GEORGE ANDERSON · November 10, 2017 - January 26, 2018


paintings and collage

OPENING RECEPTION · Saturday, December 2, 4-6pm

Winter Blues, 1072, 2015, acrylic on canvas, 24" x 28"

Winter Blues, 1072, 2015, acrylic on canvas, 24" x 28"

As admirers and collectors of Rockport artist George Anderson’s work for the past twenty odd years, we are very pleased to be showing his rich modernist portrayals of Gloucester fishermen at work. George’s well-developed eye for two dimensional design in advertising is evident in his mastery of composition and color in the powerfully graphic paintings. His flat outlined figures and their ubiquitous large gloved hands bring an anonymity, strength, and nobility to his subjects.



Emerson wrote, "It is in the doing that you gain the power." As an artist, this quotation has great significance to me. It has encouraged me to paint when it seemed impossible. Painting the same subject over and over and gaining a rapport with the canvas has instilled in me a power and an inner strength which I believe is inherent in my work.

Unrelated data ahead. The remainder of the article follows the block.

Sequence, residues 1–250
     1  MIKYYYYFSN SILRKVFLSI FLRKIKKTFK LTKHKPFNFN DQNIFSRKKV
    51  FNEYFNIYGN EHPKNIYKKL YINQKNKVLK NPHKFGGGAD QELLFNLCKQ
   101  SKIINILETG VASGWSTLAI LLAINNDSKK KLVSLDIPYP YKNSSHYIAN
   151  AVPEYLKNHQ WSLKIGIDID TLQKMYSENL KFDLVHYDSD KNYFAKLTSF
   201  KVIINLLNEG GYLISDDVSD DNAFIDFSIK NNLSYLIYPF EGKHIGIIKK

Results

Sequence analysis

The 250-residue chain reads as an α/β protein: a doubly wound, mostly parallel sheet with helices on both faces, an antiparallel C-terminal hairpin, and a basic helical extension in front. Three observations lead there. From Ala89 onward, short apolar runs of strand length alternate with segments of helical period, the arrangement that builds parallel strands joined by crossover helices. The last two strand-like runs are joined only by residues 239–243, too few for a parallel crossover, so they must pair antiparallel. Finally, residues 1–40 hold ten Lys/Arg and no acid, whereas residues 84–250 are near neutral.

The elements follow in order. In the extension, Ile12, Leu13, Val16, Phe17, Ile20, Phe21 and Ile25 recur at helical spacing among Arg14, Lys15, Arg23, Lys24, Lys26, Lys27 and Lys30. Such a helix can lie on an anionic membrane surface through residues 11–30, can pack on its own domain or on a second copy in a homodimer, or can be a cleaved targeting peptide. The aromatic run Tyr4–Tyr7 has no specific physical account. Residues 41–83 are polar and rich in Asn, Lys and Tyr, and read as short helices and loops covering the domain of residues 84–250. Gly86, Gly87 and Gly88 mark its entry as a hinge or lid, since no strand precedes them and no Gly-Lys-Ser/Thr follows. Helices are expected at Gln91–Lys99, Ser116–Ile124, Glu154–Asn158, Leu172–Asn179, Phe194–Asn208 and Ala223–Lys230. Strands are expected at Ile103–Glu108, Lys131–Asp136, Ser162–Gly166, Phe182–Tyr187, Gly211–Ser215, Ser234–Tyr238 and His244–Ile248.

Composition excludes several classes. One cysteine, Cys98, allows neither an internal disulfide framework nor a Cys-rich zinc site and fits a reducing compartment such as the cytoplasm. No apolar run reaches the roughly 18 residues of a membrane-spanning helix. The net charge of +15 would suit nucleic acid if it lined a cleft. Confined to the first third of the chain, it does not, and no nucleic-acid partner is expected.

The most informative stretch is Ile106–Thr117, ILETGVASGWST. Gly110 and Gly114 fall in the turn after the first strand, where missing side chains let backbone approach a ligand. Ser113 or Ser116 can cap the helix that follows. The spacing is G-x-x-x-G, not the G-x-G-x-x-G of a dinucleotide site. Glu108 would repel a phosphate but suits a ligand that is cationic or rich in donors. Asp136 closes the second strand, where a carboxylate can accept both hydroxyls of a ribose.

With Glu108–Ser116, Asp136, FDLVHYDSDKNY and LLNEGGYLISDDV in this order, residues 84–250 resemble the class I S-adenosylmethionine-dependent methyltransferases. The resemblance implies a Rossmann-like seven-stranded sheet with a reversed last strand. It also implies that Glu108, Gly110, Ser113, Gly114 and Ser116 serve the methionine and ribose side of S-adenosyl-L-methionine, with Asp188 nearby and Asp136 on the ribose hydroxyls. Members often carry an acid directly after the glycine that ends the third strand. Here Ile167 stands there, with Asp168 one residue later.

I was born in Montreal, Canada in 1931. I attended commercial art school in Quebec and became a member of the Art Federation of Canada. As a young man I worked as a display artist and later became an art director with a major Canadian publisher. In 1967, I formed G. Anderson Advertising in Montreal. The agency grew and expanded with offices in Montreal, Toronto and Brussels. 

Throughout my career, I have always been involved with art direction. In 1981, I moved with my family from Montreal to Exeter, New Hampshire. Two years later, I sold the agency to the employees to work on a new career in fine art. The agency has since been sold to D.D.B. Advertising and is called Anderson D.D.B. (Toronto, New York, Montreal and California).

Over the past 20 years I have worked daily on my career as a fine artist. I have had group and solo exhibitions of my paintings, including:

iartcolony, Rockport 

Noho Gallery, New York

Jules Gallery, Boston

Rockport Art Association

Judi Rotenberg Gallery, Boston

Field Gallery, Martha's Vineyard

Granary Gallery, Martha's Vineyard

Cambridge Gallery, Cambridge, England

First Sight Gallery, Bath, England 

At present, I have studios and galleries in Rockport, Massachusetts, and Portland, Maine.


MARA CALLAHAN · August 29 - October 28



OPENING RECEPTION  ·  Saturday, September 16, 4-6pm

Roses, 2017, monotype, 22" x 30"    (click on image to view the Rose series)

Roses, 2017, monotype, 22" x 30"    (click on image to view the Rose series)

My artwork explores flora and fauna with a playful embrace of color and texture across three primary media: painting, printmaking, and drawing.

I seek to capture a sense of freshness and spontaneity in my work and enjoy the sense of discovery in unexpected results. Above all I wish to communicate my sheer wonder at the transient beauty and mystery of nature.